How Loud Should You Practice and Rehearse Guitar?

Do you know the movie Spinal Tap? It’s a satire about a hard rock band from the ‘80s. 

There’s a very famous scene from that movie where the guitar player is showing off all his gear. 

He points out to one of his amplifiers and proudly announces that it is not a regular amp. 

That amp goes up to 11 in every setting, while most amps’ top setting is 10. 

According to the guitarist, that makes the amp “one louder”, giving the band “one extra push” than the rest of the bands. 

This comic scene depicts what for many guitarists is a reality: It is never loud enough. 

Of course, there are lots of aspects to consider before turning up everything to ten (no 11’s, I’m sorry). Most of them will be discussed later in this article. 

Meanwhile, let’s go with the brief answer.  

Practice and rehearsals should not be too loud. This is because constantly being surrounded by loud noises leads to hearing problems. Tinnitus is one of them, and while it could be temporal, there is a risk of it being permanent. It is always advisable to wear earplugs when rehearsing. 

How loud should you practice guitar at home?

My advice would be to play in spoken voice volume

This is the perfect balance for hearing what you are playing and not hurting your hearing at the same time

What is more, excessively loud guitars could cause you problems with your neighbors or family members in the next room. 

If you want to avoid unnecessary confrontations, then keep the volume relatively low. 

Now, you don’t have to make it so low that you barely hear what you play. 

You would be taking out all the fun and joy of playing your guitar. 

Try to experiment and find the right settings, so you can hear what you are playing, be content, and not bother others.

How loud should you set up your amp at band practice?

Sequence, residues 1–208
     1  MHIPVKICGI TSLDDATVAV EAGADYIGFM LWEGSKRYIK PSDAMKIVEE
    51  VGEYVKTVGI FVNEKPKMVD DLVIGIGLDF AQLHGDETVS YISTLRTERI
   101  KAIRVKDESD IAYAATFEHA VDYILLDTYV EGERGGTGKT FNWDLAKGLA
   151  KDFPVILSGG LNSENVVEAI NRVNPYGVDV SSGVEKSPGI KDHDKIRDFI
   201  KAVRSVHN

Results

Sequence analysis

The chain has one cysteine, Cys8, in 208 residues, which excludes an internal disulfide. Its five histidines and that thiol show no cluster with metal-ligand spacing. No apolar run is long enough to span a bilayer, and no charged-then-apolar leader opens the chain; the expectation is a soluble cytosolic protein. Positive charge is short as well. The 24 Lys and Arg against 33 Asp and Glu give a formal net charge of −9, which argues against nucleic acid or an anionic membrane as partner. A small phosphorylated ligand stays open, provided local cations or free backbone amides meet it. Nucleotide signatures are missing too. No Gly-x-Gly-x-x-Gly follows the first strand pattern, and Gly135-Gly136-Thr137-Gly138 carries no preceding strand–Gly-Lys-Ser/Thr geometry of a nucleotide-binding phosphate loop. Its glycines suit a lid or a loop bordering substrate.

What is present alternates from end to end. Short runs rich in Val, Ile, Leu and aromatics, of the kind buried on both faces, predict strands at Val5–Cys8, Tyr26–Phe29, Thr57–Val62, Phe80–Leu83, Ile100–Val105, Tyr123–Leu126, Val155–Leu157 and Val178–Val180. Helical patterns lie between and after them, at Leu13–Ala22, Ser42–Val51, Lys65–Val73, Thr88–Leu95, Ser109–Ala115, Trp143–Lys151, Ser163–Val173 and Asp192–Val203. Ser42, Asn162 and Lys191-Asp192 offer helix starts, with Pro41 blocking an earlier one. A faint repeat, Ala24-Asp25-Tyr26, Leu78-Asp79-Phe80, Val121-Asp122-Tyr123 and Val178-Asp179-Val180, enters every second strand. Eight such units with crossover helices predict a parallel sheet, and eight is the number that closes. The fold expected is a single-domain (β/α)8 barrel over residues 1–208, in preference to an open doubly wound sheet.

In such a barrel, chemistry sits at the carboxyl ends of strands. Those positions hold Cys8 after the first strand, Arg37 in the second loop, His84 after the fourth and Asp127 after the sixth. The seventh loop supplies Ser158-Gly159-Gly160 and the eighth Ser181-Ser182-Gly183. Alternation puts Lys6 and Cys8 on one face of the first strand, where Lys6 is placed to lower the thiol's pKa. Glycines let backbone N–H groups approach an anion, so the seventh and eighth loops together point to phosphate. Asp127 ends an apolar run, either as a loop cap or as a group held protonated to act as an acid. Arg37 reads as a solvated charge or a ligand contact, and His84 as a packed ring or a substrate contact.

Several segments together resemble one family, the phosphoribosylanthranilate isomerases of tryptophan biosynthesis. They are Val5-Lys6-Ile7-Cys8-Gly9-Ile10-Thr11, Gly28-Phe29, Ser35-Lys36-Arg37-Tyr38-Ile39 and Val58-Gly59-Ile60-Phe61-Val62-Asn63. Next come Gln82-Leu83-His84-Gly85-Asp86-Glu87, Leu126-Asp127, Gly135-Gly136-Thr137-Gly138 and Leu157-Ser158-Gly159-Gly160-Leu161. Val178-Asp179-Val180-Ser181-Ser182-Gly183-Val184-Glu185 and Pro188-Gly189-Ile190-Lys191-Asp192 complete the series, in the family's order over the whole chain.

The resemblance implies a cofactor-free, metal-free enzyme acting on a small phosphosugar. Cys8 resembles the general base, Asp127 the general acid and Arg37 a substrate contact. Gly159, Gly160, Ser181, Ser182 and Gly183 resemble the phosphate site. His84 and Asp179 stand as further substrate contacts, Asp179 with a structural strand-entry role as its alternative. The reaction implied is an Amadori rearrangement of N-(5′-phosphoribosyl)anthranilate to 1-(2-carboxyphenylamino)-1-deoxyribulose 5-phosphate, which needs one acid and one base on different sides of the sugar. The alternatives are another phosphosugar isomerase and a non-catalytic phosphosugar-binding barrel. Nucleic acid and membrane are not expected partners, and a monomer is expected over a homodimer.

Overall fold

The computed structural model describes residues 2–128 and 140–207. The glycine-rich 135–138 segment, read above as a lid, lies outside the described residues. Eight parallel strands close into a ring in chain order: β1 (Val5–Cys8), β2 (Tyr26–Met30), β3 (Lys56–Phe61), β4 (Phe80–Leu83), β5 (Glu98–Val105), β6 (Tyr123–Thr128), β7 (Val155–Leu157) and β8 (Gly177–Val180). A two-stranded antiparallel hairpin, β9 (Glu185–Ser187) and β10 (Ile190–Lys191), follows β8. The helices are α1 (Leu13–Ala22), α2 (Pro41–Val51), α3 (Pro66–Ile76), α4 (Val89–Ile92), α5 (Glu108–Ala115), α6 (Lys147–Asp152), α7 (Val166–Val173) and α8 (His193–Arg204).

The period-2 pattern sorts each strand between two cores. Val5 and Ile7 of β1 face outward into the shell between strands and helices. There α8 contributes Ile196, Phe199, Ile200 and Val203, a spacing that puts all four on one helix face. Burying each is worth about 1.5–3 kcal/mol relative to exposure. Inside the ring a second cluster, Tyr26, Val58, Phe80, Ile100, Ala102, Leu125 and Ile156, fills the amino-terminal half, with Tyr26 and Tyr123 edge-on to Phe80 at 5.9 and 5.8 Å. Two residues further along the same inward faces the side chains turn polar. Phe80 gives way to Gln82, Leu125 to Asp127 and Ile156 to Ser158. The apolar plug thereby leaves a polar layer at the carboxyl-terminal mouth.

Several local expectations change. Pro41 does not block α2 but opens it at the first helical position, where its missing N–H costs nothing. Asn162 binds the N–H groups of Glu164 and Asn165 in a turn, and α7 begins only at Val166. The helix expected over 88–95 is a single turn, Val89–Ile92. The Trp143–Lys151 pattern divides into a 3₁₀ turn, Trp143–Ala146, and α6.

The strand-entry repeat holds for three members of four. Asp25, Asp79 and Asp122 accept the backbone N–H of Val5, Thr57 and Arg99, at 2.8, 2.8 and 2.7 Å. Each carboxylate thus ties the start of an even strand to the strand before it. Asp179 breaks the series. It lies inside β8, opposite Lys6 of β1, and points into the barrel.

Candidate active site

Rehearsing with your band shouldn’t be that different than practicing on your own. 

This means that, once again, you should set the volume as low as you can. 

You mustn’t set it to spoken voice volume, though. 

Just loud enough that you can hear what you are playing. 

The issue with rehearsals is that you have to balance every instrument. Otherwise, you can find yourself struggling to listen to your parts, or not even listening to it at all. 

It is so easy to cover the sound of the guitar if the bass is too loud, or to suffocate the singer’s voice if the guitar is the loudest instrument in the room. 

Lastly, even if all the band members can listen to themselves without problems, there is yet another thing to consider. 

Extremely loud rehearsals are dangerous for your ears. It can cause permanent damage. 

Being a musician, you want to avoid this at all costs. 

A solution to this issue would be to wear earplugs every time you practice. 

Here in GearAficionado, you’ll find an article that focuses on the importance of wearing earplugs. 

Here’s the link to it:  

Risks of playing guitar too loud

The dangers of playing guitar too loud are not insignificant. 

Take them into account to avoid regrets: 

  • Tinnitus: this is when you hear noises that are not the result of external sounds. For the most part, tinnitus is not a serious medical issue and disappears over time. However, there are cases in which it has become permanent. 
  • Permanent hearing loss: lots of famous musicians have developed hearing loss over the years. The list includes Ozzy Osbourne, Phil Collins, Eric Clapton, and Pete Townshend, among others. 

Are there any benefits to practicing guitar at loud volumes?